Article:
Since the plow fits in the receiver hitch, it only takes 5 min to install. I pin it in the receiver and hook up the power and ground with the anderson style connectors that I added after the initial build posts. Once you have the wires set up, you can add the Anderson connectors by cutting the wire and crimping them on each side. Just make sure you select the right size connector for the wire you are using (I put a link below to the ones I used). The winch I selected is remote controlled so I don’t have to mess with any extra wires to control it.


DIY Receiver Hitch Snow Plow – In Action

Using the backup camera to back the plow all the way up to the garage door or other obstacles without hitting them.

I won’t lie, the snow was pretty deep and the first pass or two I had to back up and hit it a little bit. Once I got the initial lane cleared it was easy going with a slight overlap. It is kind of like mowing where you overlap the pass you just made a little to make sure you get it all and to make it a little easier.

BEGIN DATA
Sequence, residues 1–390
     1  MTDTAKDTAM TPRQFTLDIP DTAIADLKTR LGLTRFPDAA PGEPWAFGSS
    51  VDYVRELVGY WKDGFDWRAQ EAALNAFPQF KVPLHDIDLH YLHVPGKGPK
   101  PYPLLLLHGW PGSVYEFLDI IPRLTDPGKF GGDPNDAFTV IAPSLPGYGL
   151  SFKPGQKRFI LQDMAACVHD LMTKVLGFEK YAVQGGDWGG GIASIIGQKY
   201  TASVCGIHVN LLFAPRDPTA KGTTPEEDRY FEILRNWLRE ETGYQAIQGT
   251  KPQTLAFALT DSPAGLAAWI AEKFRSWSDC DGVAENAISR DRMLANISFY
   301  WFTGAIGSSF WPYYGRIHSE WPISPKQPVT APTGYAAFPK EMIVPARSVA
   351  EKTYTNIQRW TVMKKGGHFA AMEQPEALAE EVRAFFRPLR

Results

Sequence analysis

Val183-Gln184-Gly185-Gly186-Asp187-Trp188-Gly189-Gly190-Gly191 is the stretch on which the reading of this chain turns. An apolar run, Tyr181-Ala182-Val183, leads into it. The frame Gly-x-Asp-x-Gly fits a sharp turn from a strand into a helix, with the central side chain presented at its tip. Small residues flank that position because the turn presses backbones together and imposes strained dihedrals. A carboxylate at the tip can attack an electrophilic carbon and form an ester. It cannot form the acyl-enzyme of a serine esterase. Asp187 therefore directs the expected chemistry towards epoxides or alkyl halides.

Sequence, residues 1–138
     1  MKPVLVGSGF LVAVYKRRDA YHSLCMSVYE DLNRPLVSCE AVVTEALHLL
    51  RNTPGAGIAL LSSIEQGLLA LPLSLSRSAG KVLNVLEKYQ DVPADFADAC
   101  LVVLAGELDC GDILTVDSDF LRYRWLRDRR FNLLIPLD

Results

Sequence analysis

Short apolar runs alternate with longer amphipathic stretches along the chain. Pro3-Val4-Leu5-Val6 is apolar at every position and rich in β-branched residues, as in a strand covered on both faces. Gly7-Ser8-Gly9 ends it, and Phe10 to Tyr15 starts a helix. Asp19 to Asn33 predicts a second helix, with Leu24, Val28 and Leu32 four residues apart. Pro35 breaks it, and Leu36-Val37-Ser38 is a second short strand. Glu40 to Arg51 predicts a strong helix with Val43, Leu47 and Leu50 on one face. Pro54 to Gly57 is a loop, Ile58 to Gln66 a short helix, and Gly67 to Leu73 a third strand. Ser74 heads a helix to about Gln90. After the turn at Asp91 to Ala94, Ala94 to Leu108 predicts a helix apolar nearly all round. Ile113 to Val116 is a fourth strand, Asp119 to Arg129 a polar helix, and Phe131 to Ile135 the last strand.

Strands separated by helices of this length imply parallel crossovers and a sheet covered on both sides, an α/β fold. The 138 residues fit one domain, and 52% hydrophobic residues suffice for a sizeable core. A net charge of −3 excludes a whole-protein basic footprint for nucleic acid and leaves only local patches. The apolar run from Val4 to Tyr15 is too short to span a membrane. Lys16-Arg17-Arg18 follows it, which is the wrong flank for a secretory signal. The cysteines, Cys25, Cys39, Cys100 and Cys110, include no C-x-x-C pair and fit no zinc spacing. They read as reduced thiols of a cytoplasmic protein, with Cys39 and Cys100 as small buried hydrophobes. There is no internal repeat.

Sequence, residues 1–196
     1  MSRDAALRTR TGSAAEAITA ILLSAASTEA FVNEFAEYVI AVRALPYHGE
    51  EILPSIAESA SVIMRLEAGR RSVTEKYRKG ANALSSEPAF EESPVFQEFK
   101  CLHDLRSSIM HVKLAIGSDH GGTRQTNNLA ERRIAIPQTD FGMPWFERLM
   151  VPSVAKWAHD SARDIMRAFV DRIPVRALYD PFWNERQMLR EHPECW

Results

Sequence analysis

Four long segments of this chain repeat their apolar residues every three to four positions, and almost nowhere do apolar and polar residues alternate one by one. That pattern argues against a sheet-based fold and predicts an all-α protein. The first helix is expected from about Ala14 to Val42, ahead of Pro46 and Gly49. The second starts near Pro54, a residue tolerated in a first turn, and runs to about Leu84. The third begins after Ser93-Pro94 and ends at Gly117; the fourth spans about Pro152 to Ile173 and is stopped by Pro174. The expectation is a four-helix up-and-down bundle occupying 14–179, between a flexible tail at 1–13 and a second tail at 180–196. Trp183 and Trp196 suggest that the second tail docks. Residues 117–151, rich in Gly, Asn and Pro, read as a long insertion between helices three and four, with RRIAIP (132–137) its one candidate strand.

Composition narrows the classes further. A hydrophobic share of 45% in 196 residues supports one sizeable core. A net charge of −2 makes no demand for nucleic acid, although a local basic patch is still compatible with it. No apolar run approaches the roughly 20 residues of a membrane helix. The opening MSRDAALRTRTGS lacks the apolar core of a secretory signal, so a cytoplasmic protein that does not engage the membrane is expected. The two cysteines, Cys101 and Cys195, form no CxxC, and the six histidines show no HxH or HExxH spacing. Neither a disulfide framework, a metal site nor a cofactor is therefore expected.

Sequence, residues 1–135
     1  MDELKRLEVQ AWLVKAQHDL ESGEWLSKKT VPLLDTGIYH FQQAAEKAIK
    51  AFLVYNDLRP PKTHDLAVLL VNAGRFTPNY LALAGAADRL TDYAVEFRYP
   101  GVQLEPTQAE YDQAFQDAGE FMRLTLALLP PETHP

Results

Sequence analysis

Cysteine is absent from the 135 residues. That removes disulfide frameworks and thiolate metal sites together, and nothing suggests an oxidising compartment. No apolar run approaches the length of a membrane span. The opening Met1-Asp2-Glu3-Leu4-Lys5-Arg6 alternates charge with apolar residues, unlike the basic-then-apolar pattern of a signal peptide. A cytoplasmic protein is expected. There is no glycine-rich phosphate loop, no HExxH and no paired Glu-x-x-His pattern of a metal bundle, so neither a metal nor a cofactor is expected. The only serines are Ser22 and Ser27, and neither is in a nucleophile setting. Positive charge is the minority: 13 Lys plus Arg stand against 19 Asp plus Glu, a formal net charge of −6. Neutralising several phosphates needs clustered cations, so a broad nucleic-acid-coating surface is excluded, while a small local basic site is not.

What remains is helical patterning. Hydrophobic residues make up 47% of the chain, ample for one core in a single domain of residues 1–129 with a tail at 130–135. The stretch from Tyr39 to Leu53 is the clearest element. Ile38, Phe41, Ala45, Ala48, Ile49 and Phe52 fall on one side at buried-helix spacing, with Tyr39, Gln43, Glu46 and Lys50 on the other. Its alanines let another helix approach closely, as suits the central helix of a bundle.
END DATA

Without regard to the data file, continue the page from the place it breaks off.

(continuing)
DIY Receiver Hitch Snow Plow – In Action

BOOM! 15 minutes of plowing and we are all clear. No back breaking labor here.

Technique & Angling the plow

One thing that I built into the plow that I use often is the ability to angle the plow. I tried to make it super simple using a long jack screw and a couple of nuts. All I do is chuck a 3/8’s socket driver in my drill and screw it in/out depending on if I want it straight, angled left, or angled right.

DIY Receiver Hitch Snow Plow – In Action

Plow angled. While plowing I just toss the drill under my drivers seat so it is handy if I need to change blade angle.

So it is logical that if you angle the blade you want to start on one side of the driveway and work towards the other side. For example in the picture above with the blade angled so it is casting the extras toward the drivers side, you would want to start on the right side of the driveway and work toward the left side that way any extras would eventually be piled on the grass at the left side.